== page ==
The Cardiff Blues and Wales star wasn't presented with an easy ride either, with five of his nine conversions coming from just a metre or two in from touch.
Team-mate Tommy Bowe described the display as 'unbelievable', while head coach Warren Gatland told the world's media it was 'pretty special', but Halfpenny himself isn't getting carried away.
While he recognises it was one of his best kicking displays of his impressive career to date, he is convinced only more hard work will give him any chance of finding similar form in the first Test in Brisbane on June 22.
"I think that's up there with the best I've kicked, there's no doubt about that," said Halfpenny.
"I've had some games where I've managed a few but nowhere near as many as that. To kick all 11 was incredible from a personal point of view.
"But the way I see it, I've got the easy bit. All the boys are doing the hard work scoring the tries.
"Hopefully, if I'm selected then I can step up to the plate like that against Australia. I'll take that kind of performance all day.
"I'm so pleased with how it went. But it's back to the training ground tomorrow and that hard work starts again."
Leigh Halfpenny converted both of Brian O'Driscoll's tries and all seven others in Perth
So just what was it that made Wednesday's effort from the tee so perfect? Did Halfpenny do anything differently or have any idea that he would hit such a rich vein of form on his first outing with the 2013 Lions?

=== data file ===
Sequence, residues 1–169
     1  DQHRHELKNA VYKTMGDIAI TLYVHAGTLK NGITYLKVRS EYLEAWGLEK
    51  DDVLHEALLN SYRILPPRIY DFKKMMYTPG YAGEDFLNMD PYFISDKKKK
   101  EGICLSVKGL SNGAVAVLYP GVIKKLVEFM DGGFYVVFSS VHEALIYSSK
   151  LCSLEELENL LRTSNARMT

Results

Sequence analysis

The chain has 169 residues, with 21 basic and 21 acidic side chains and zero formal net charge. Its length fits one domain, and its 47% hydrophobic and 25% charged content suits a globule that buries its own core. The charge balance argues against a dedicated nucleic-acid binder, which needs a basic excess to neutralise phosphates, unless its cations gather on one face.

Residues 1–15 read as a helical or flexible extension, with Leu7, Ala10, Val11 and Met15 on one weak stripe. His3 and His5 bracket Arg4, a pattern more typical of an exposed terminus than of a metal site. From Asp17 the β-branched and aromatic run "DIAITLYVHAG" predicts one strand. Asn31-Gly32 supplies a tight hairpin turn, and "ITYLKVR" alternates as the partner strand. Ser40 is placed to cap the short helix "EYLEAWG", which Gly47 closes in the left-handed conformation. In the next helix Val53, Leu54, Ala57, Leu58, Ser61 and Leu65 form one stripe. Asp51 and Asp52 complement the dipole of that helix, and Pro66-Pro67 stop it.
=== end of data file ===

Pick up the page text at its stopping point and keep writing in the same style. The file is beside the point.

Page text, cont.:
In short, the answer is 'no' on both fronts. The 24-year-old simply stuck to his routine, focussed on one kick at a time and subconsciously remembered all the little things that Lions kicking coach Neil Jenkins has talked about in recent weeks and across their time together with Wales and the Blues.
"I suppose some days you just find that sweet spot early on," added Halfpenny.
"I came off the pitch not knowing how many I'd kicked because I try and stay focused. I have a picture in my head of how I want each kick to go. I always try and hit the middle of the goal and there's a lot of work that goes in with Neil Jenkins and the other kickers.
"I can't think of a better guy to have teaching me and have alongside me in games and in training than Jenks. He's a legend of the game, a real top points scorer and his record speaks for itself.
"He's a world-class kicker and I'm really lucky to have him around. He's brought me on hugely having worked with him since I was a kid growing up in the academy days."
So what about the pressure? What about the added responsibility of attempting to keep the scoreboard ticking over for the most-famous touring team of all?
While he has spoken of butterflies and nerves in the past, Halfpenny insists he isn't fazed by that at all. Instead he relishes the role and claims it's something he feels fortunate to be able to do at all.
"To be honest, the pressure is a real privilege. You're really lucky to be in a position to be kicking for The Lions,
"It's been a huge dream of mine and I would never have thought I would be doing it. But I love every second of it.
"Your nerves kick in when you're told you're playing but you just do what you've always done: it's about staying focused.
"I always enjoyed goalkicking as a kid and I've tried to work hard at it. You dream of it and watch the likes of Neil Jenkins, Jonny Wilkinson and Dan Carter and you want to be like that. That's how I always felt and to have kicked for the Lions is just a really special feeling.
"Ever since I was on the plane back from South Africa in 2009 I have been dreaming of this moment, of pulling on a Lions jersey again.
"I got the opportunity and it was a pretty special feeling. But there are still areas of my game I need to work on because I want to take my game to the next level. It's now about getting back on to that training pitch."